Following the cancellation of this year’s Nobel Prize for Literature as a result of a sexual scandal, that rocked the Swedish Academy which has been awarding the Nobel Prize in Literature since 1901, The New Academy, also based in Sweden, has offered a new vote-based alternative to the prestigious award.
Alexandra Pascalidou, a Swedish journalist, took it upon herself to create an alternative. “I just thought, ‘Why do the authors have to pay the price for this mess?’” she told the New York Times. Pascalidou teamed up with over 100 prominent Swedish cultural figures — actors, novelists and a rapper — to start a new prize for literature and there are three African writers on their longlist.
Two of the African writers in contention are Nigerian women — Chimamanda Ngozi Adichie (Americanah) and Nnedi Okorafor (Akata Witch) — while the third is renowned Kenyan author, Ngugi wa Thiong’o (A Grain of Wheat).
Adichie’s reach continues to extend with each passing day — the author and a feminist was just recently conferred with an honorary degree at Duke, while Okorafor’s multiple collaborations with Marvel are set to make her a household name. Asides winning awards, works of both Ngugi wa Thiong’o and Chimamanda Ngozi Adichie featured on former U.S President Obama’s 2018 summer reading list.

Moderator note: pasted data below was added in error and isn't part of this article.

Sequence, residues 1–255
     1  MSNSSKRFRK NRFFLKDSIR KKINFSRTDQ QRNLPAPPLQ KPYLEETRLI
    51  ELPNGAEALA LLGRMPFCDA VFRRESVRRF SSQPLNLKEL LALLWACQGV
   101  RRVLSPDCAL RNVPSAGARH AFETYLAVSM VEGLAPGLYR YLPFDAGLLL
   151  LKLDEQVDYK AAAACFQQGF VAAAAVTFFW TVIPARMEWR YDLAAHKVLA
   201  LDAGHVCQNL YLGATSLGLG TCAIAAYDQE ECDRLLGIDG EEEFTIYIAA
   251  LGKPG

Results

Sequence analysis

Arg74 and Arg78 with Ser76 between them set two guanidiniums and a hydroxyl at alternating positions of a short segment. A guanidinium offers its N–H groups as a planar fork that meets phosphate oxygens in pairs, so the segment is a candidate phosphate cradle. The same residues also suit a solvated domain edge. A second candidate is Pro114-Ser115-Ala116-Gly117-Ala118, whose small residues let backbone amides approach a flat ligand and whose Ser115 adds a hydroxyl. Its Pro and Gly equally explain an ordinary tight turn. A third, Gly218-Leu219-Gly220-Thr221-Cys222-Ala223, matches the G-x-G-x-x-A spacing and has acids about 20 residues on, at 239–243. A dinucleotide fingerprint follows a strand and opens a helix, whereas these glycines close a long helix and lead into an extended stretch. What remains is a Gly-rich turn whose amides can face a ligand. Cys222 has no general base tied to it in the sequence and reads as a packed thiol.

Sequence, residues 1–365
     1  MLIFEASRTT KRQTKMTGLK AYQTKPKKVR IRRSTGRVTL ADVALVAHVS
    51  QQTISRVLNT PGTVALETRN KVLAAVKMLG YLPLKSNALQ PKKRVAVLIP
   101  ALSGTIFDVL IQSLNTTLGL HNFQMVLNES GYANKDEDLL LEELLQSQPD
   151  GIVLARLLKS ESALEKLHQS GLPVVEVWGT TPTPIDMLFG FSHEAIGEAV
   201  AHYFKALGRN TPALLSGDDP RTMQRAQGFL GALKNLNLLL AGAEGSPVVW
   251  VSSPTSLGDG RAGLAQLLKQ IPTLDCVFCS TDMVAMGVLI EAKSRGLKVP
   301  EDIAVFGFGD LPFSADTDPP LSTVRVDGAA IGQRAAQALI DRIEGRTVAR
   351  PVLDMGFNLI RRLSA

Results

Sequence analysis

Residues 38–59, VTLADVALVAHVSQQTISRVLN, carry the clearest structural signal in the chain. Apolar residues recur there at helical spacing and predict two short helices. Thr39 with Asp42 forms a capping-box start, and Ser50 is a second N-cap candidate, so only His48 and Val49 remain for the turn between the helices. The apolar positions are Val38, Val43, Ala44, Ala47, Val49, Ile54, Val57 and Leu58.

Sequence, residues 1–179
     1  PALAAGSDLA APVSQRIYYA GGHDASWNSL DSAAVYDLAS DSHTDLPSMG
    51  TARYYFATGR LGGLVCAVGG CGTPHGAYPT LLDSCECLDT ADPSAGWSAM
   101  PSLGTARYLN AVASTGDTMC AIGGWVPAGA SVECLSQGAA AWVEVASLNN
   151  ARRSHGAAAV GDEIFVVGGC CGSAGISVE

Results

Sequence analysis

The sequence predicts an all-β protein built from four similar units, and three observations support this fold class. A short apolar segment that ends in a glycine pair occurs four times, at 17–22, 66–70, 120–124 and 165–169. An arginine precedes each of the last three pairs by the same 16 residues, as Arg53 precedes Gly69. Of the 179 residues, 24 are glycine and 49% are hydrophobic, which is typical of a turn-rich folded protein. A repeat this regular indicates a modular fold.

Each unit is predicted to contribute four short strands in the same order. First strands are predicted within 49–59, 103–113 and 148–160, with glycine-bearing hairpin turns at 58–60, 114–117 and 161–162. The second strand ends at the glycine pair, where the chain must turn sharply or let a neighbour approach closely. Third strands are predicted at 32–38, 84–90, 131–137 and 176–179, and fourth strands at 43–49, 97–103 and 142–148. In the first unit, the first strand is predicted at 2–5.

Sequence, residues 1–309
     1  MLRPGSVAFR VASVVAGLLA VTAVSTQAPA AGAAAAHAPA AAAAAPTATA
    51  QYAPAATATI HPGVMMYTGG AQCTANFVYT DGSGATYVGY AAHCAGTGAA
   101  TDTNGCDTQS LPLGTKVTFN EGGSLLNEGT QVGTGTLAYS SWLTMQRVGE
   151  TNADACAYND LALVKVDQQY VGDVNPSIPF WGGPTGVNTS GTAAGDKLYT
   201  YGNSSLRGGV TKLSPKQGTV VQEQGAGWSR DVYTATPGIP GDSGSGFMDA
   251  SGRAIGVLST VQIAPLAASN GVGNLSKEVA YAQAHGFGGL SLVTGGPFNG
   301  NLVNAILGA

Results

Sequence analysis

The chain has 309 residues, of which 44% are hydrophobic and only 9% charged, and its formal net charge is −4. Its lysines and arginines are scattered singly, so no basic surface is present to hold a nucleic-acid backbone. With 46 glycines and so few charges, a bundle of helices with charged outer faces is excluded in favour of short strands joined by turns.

The new prize is open for the public to vote from a list of 47 nominees selected by Swedish librarians. The nominee list includes heavyweight figures as Marilynne Robinson, Haruki Murakami, JK Rowling, Amos Oz, Margaret Atwood, Thomas Pynchon, Arundhati Roy, Zadie Smith, singer Patti Smith and the British fantasy writer Neil Gaiman.
The voting will decide three finalists while librarians will choose a fourth. Given the Nobel Prize’s questionable history of 14 female winners out of 114 laureates, the Alternative Nobel’s shortlist will be restricted by gender—two women, two men. The winner of the New Academy Prize in Literature will receive one million kronor (around $112,000). A banquet will also be held in the winner’s honour just like the Nobel Laureate.
The longlist has been praised by Book Riot as “representing a new level of diversity for the typically predictable Nobel list,” and by The Guardian as “a wonderfully eclectic lineup.” The worldwide open voting is now live and will remain open until August 14.